Conjugacy class


In mathematics, especially group theory, two elements and of a group are conjugate if there is an element in the group such that This is an equivalence relation whose equivalence classes are called conjugacy classes.

Two Cayley graphs of dihedral groups with conjugacy classes distinguished by color.

Members of the same conjugacy class cannot be distinguished by using only the group structure, and therefore share many properties. The study of conjugacy classes of non-abelian groups is fundamental for the study of their structure.[1][2] For an abelian group, each conjugacy class is a set containing one element (singleton set).

Functions that are constant for members of the same conjugacy class are called class functions.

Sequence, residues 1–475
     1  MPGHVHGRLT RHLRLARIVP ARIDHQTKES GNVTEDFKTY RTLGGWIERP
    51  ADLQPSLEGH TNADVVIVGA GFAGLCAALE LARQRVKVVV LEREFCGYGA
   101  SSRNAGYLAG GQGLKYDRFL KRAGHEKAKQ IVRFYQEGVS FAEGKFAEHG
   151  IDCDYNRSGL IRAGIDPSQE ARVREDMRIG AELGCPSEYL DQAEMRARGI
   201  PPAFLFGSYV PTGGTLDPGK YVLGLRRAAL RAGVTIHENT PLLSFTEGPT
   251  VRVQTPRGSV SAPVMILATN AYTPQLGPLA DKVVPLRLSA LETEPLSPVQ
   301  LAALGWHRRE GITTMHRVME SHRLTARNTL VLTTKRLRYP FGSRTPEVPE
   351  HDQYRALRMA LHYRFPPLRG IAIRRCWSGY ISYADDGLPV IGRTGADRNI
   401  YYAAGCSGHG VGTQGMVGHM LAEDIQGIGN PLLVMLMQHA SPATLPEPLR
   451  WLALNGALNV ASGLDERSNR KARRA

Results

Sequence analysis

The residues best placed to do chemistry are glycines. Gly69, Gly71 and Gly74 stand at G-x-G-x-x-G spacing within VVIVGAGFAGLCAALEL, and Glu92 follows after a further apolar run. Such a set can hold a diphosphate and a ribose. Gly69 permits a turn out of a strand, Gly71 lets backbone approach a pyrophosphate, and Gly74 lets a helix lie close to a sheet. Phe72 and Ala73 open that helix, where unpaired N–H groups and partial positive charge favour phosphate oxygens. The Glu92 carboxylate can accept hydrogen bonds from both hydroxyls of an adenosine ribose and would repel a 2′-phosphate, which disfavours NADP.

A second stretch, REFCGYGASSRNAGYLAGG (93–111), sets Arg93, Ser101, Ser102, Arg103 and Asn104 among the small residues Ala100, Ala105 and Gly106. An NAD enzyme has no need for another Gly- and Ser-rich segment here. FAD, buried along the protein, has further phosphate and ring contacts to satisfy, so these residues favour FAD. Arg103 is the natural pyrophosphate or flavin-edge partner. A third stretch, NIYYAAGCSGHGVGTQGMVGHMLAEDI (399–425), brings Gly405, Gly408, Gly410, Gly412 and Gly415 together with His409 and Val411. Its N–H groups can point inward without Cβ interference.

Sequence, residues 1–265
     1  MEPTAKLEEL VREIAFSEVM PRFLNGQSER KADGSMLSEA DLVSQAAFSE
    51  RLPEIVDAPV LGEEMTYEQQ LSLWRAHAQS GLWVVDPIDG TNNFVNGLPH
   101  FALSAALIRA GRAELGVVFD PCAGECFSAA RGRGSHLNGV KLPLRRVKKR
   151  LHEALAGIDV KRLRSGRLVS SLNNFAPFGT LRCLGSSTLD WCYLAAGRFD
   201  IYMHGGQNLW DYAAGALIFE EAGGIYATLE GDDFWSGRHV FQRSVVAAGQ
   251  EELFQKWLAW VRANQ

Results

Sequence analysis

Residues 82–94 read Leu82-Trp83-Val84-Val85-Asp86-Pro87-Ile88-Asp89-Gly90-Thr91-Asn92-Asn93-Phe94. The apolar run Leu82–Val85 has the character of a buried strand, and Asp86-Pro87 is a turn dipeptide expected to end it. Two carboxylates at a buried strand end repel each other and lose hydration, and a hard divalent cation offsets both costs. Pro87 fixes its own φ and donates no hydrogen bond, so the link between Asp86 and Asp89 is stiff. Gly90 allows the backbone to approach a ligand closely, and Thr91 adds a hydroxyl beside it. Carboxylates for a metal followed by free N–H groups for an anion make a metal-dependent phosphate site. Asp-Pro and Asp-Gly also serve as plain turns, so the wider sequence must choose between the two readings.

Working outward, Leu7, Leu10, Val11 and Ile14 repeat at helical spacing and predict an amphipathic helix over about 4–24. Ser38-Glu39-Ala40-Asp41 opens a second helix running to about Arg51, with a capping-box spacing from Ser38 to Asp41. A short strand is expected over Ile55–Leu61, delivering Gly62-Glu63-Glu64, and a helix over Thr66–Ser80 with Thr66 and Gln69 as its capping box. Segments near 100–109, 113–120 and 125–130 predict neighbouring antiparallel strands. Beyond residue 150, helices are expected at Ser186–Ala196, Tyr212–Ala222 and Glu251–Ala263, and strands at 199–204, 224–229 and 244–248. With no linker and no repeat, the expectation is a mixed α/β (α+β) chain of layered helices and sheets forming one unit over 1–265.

Let   be a group. Two elements   are conjugate if there exists an element   such that   in which case   is called a conjugate of   and   is called a conjugate of  

In the case of the general linear group   of invertible matrices, the conjugacy relation is called matrix similarity.

It can be easily shown that conjugacy is an equivalence relation and therefore partitions   into equivalence classes. (This means that every element of the group belongs to precisely one conjugacy class, and the classes   and   are equal if and only if   and   are conjugate, and disjoint otherwise.) The equivalence class that contains the element   is

and is called the conjugacy class of   The class number of   is the number of distinct (nonequivalent) conjugacy classes. All elements belonging to the same conjugacy class have the same order.